NC man once accused of murder marks end of ordeal
By MARLON A. WALKER : Associated Press Writer
The Associated Press
Feb 19, 2009
GOLDSBORO, N.C. -- James Johnson's plea Monday to a felony charge in connection with the death of a 17-year-old Wilson girl marked the end of his legal ordeal surrounding the case.
Johnson entered an Alford plea to a misprision of a felony charge, meaning he does not admit guilt but acknowledges prosecutors may have enough evidence to convict him. No judgment goes on his record.
But he and his family said the battle with the legal system that wrongly jailed him more than three years continues for anyone who may face what's taken him nearly five years to overcome.
"We can't let it end there," said Johnson's father, Arthur Johnson. "If you just say it's over because of Monday, by Tuesday you're right back where you started from."
Brittany Willis, police said, was kidnapped at gunpoint on June 28, 2004, from a shopping center parking lot. Authorities found the 17-year-old's body the next day at a construction site. She had been raped and shot twice.
Then-16-year-old Kenneth Meeks showed up to the Johnson family home the night of Willis' murder in a sport utility vehicle James Johnson said he didn't recognize. From there, the two drove to the construction site where the girl had been killed. Johnson was shown the teen's body.
But after he told authorities of what he'd been told and saw, the finger was pointed back at him. He was jailed more than three years on murder, rape and kidnapping charges in Willis' death.
Meeks eventually was sentenced to life without parole in Willis' death. He later recanted his story to authorities that James Johnson had a part in the slaying, going as far as to write the local paper with the information.
Johnson's charges were eventually dropped in September 2007, but a special prosecutor given the case charged Johnson with accessory after the fact for his role in the incident. The prosecutor claimed Johnson wiped his fingerprints off Willis' vehicle.
"I was tired of the court system," Johnson, now 22, said at a prayer vigil marking the end of his nearly 5-year ordeal. "Even if it was a 99-percent chance I'd get off, that one percent ... scared me. I've already seen (my family) through glass for three-and-a-half years."
He said he intended to fight the charges to the end, but fear of going back to the same place he says he was wrongly held for more than three years pushed him to accept the plea agreement. He had been released in September 2007 when a judge reduced his $1 million bond.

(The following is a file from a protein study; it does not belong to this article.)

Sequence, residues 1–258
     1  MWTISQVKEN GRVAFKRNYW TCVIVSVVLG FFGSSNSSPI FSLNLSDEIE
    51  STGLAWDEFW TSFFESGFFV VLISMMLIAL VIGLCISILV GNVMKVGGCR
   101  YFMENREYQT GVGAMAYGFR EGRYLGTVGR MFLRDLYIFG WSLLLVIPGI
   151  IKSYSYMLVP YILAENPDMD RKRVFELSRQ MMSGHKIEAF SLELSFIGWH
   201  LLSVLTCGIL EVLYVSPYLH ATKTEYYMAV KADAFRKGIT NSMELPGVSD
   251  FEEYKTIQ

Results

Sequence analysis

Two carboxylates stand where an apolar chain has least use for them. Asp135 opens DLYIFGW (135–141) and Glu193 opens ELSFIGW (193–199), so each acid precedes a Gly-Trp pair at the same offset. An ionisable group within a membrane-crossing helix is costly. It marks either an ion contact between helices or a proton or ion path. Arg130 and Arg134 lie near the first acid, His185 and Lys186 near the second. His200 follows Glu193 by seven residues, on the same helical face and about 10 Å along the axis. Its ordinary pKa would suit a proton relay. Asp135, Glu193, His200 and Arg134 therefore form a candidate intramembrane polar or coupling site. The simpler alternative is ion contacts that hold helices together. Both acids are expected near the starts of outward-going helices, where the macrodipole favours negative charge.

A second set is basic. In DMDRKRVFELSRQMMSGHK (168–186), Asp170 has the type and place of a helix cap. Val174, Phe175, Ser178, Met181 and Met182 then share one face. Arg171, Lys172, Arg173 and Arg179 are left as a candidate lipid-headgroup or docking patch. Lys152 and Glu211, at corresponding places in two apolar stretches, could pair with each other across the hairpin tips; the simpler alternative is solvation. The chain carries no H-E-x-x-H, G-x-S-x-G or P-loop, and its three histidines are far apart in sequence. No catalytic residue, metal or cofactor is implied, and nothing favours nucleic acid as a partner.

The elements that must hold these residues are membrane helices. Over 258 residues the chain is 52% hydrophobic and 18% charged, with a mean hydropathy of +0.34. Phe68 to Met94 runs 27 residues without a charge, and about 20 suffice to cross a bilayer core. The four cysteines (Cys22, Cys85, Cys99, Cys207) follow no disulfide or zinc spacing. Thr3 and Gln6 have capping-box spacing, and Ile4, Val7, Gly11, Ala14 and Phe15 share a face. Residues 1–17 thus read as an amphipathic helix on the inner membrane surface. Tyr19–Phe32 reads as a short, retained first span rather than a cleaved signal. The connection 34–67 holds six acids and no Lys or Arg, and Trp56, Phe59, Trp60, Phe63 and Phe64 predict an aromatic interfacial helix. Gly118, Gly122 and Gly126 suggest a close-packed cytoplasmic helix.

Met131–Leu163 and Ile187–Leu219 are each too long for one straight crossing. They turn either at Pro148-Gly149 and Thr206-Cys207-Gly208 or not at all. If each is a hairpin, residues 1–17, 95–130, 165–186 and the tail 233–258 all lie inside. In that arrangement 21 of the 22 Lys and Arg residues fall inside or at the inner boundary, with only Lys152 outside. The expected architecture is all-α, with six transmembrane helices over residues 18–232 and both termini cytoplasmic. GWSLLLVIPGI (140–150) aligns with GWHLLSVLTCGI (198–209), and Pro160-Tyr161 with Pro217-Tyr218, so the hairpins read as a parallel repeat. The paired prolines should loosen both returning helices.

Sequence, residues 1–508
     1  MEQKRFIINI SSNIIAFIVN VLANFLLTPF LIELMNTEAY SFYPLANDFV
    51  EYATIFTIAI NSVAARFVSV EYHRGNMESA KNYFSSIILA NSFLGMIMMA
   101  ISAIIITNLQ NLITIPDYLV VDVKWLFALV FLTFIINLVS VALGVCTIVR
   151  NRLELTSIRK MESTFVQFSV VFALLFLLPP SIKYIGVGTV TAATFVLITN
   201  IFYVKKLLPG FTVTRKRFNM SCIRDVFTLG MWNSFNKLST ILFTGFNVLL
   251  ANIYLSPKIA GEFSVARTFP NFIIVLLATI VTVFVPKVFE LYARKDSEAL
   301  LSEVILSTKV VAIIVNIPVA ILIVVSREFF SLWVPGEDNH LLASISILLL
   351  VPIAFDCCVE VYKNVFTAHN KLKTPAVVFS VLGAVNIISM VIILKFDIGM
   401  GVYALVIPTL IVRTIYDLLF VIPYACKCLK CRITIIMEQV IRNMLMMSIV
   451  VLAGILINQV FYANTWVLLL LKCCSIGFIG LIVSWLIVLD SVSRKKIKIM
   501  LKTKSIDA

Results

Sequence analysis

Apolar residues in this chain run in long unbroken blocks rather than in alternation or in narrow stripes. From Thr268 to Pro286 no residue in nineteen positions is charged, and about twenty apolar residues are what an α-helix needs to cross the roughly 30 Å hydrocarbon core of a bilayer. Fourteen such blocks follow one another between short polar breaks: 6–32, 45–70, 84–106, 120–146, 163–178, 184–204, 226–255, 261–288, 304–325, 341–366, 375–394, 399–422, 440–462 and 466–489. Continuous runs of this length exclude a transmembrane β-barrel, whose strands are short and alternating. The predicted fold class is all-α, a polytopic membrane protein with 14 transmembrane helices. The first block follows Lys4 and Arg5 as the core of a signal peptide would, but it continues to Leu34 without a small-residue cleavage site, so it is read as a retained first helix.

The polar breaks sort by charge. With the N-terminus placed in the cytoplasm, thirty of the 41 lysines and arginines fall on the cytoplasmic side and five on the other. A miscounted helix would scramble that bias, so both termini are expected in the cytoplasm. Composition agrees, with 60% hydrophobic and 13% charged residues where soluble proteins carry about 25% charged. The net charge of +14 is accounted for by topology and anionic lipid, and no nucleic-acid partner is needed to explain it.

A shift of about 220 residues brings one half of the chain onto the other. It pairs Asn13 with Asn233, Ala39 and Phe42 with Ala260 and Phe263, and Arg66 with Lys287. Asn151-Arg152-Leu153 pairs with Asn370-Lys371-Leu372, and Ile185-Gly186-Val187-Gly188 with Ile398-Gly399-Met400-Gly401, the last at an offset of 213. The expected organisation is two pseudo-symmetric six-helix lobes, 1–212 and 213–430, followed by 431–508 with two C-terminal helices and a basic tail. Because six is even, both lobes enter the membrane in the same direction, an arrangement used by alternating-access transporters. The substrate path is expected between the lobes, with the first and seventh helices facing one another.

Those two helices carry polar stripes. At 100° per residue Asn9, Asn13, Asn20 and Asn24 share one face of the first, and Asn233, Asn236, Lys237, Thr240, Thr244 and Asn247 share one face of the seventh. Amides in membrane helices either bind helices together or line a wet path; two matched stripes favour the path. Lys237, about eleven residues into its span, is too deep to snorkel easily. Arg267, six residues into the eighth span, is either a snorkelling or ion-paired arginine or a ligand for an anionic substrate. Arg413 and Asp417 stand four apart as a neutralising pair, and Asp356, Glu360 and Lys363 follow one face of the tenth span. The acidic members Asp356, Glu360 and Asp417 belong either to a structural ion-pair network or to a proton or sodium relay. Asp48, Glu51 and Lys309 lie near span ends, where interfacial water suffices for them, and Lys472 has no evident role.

Johnson was barely an adult when he was jailed on murder charges in July 2004. Now, he says, he plans to use his story to help other teens going down the wrong road.
"Being in jail, I realized some of the traps some of the young brothers fall into," he said. "I want to give them an outlet. I want to open their eyes."
The Rev. William Barber, president of the state chapter of the NAACP, said Wednesday more needs to be done to prevent prosecutors from wrongly targeting innocent people.
"The James Johnson case was never a case about the Willises versus James Johnson," Barber said. "The case was about James Johnson versus an arrogant system of injustice."
NAACP officials spent Wednesday morning telling stories of others who had been convicted in North Carolina. Some, like Alan Gell, had been sentenced to die for crimes they were later found to have not committed. Gell was acquitted in 2004 of a 1995 killing after it was revealed prosecutors had withheld key evidence during his original trial.
A complaint with the State Bar is still in progress against Wilson County assistant district attorney Bill Wolfe, whom the Johnsons have accused of prosecutorial misconduct. Barber has said he's hoping the NAACP's national office will assist them in fighting what he sees as injustices in the state's legal system.
" The Rev. William Barber, president of the state chapter of the NAACP, said Wednesday more needs to be done to prevent prosecutors from wrongly targeting innocent people."
That's not the way Barber told it during the Duke riots but it's good to know that he has now experienced a truly radical change of heart and that he will,no doubt, shortly be joining with the players to haul Nifong and other criminally culpable individuals before the bar of North Carolina justice.
See "Where Are They Now" over in the Duke case file for starters on our considerable backlog of Barber materials.